By Claire West
Cisco announced today results of an international workplace study that reveals three of five workers around the world believe that they do not need to be in the office anymore to be productive.
In fact, their desire to be mobile and flexible in accessing corporate information is so strong that the same percentage of workers would choose jobs that were lower-paying but had leniency in accessing information outside of the office over higher salaried jobs that lacked flexibility.
These and numerous other findings provide real-life insight into the expectations, demands, and behaviour of the global workforce that is influencing the way information is accessed and how business communications are changing.
Dave Evans, Futurist and Chief Technologist, Internet Business Solutions Group, Cisco:
“Employee mobility is a fact of life, and the business advantages are clear across many industries. While The Cisco Connected World Report does identify real challenges for businesses, it also spotlights an opportunity for IT to enhance its relationship with employees and its role as an adviser and educator. Simply put, this report serves as a call-to-action for IT organizations.
Work is not a place anymore. It’s a lifestyle, and the IT profession’s role is only going to get more strategic as it tries to help businesses stay agile and increase productivity.”
Employee Desire for Mobility, Work Flexibility Very Strong
• The study, which involved surveys of 2,600 workers and IT professionals in 13 countries, revealed that three of every five employees (60 percent) believed it was unnecessary to be in the office to be productive. This was especially the case in Asia and Latin America. More than nine of 10 employees in India (93 percent) said they did not need to be in the office to be productive. This sentiment was extremely prevalent in China (81 percent) and Brazil (76 percent) as well.
• Two of every three employees surveyed (66 percent) expect IT to allow them to use any device — personal or company-issued — to access corporate networks, applications, and information anywhere at any time, and they expect the types of devices to continue diversifying. In the future, employees expect their choice of network-connected endpoints to broaden to non-traditional work devices like televisions and navigation screens in cars.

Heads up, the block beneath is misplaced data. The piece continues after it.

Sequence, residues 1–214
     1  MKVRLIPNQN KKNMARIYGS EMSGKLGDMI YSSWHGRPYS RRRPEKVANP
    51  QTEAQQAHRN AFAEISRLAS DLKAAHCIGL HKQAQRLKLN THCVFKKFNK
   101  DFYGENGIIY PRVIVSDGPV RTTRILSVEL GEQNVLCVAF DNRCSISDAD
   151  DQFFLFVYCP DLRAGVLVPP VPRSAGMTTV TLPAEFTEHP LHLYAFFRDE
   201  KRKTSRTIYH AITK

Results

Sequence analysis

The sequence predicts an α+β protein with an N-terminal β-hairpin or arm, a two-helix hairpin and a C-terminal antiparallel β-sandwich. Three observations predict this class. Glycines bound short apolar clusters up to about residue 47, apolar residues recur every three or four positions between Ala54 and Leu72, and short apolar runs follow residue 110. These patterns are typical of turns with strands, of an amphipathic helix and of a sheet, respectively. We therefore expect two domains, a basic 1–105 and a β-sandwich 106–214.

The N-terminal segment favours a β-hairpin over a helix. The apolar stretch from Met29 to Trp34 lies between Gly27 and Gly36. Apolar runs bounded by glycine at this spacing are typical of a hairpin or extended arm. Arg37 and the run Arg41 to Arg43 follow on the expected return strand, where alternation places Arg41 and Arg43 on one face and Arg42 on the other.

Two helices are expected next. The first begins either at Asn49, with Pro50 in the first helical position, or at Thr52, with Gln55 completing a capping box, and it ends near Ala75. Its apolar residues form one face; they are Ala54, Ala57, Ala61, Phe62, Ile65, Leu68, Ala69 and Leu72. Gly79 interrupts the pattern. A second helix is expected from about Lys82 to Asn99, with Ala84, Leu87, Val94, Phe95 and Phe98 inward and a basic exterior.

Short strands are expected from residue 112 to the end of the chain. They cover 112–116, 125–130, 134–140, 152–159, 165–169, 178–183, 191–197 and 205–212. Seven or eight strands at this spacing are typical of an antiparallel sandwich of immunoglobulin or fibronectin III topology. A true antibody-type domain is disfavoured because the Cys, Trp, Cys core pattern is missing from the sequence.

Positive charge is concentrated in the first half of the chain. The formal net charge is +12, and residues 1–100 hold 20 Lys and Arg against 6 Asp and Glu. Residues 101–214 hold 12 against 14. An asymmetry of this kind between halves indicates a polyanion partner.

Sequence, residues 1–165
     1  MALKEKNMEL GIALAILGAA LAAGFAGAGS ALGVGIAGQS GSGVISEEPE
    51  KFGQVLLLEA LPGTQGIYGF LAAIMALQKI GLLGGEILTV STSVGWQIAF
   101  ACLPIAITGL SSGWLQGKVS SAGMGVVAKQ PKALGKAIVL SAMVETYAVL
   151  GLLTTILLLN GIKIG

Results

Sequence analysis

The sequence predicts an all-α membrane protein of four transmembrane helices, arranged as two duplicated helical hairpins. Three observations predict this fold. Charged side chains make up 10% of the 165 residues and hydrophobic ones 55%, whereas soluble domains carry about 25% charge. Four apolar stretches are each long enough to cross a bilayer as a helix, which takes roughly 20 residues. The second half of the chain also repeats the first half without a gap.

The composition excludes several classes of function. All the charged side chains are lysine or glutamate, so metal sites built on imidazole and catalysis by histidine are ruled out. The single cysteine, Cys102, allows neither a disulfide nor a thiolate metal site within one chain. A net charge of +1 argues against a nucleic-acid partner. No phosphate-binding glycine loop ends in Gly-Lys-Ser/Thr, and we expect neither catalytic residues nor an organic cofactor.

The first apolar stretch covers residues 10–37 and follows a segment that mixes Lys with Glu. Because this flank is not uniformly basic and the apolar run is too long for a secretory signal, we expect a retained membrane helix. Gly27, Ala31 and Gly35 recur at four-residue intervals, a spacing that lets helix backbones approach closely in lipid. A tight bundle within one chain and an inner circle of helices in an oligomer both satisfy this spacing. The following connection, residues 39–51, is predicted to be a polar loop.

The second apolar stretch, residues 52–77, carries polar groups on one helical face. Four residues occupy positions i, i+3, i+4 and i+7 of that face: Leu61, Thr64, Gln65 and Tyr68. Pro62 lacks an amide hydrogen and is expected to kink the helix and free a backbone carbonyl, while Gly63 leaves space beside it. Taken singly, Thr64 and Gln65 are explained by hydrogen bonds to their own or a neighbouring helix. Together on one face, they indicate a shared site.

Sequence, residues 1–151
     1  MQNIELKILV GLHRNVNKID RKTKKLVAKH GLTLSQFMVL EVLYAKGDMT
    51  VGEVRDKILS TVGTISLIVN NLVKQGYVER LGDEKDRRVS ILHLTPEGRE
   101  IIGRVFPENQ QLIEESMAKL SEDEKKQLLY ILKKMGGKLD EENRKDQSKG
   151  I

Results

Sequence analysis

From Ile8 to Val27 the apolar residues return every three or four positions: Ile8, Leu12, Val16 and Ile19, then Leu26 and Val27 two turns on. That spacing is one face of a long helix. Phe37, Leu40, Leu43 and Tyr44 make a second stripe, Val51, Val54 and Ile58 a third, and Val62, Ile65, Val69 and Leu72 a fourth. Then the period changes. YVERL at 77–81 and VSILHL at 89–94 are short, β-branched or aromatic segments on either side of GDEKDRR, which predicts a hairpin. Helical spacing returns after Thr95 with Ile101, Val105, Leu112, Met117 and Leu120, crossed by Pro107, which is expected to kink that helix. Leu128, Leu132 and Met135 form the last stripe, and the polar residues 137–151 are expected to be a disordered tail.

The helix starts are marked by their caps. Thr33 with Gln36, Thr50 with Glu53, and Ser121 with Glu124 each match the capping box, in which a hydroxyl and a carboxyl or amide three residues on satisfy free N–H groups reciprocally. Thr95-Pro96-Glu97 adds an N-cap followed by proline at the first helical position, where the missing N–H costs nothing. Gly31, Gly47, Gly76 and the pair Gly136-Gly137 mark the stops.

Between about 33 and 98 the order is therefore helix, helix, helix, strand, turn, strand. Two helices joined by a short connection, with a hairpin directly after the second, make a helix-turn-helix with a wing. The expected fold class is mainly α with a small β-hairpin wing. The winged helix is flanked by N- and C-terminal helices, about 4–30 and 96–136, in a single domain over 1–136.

• For employees who can access corporate networks, applications, and information outside of the office, about half of the respondents (45 percent) admitted working between two to three extra hours a day, and a quarter were putting in four hours or more. However, extra hours do not translate to always-on, on-demand employees. They simply want the flexibility to manage their work-life balance throughout their waking hours.
• Employees also feel strongly about having the flexibility to work anywhere that it would dictate their company loyalty (13 percent), choice of jobs (12 percent), and morale (9 percent). For example, two of three employees worldwide (66 percent) said they would take a job with less pay and more flexibility in device usage, access to social media, and mobility than a higher-paying job without such flexibility. This percentage was higher in some countries, such as Spain (78 percent), despite economic woes the past couple years.
Can Businesses Meet Employee Needs?
• Almost half of the IT respondents (45 percent) said they are not prepared policy- and technology-wise to support a more borderless, mobile workforce. Not surprisingly, security is the top concern.
• Although many of the IT respondents felt security (57 percent), budget (34 percent), and staff expertise (17 percent) were the biggest barriers to enabling a more distributed workforce, employees often felt IT and corporate policies were the obstacles. This perception among employees was extremely prevalent in India, where more than half (58 percent) felt IT was the obstacle to a more flexible work style.
Employee Behaviour Indicates Education, Corporate Policies as Important as Technology
• About one in five (19 percent) employees globally said they have noticed strangers looking at their computer screens in public, while an additional 19 percent admitted that they never think to check their surroundings.
• Nearly one in five (17 percent) employees admitted leaving devices unattended in public.
• Almost three of every five employees globally (58 percent) admitted that they have allowed non-employees to use their corporate devices unsupervised.
• As workforces become more distributed, the potential for data loss increases. One of four IT respondents (26 percent) said one-fourth of the devices issued to employees in the past 12 months had already been lost or stolen.
• As workforces become increasingly mobile, security and risk management concerns inevitably grow. The findings indicate the real need for better corporate policies, end-user education, and stronger, trusted relationships between employees and IT departments. How well IT brokers these relationships impacts a company’s growth, productivity, competitive advantage, as well as its risk management.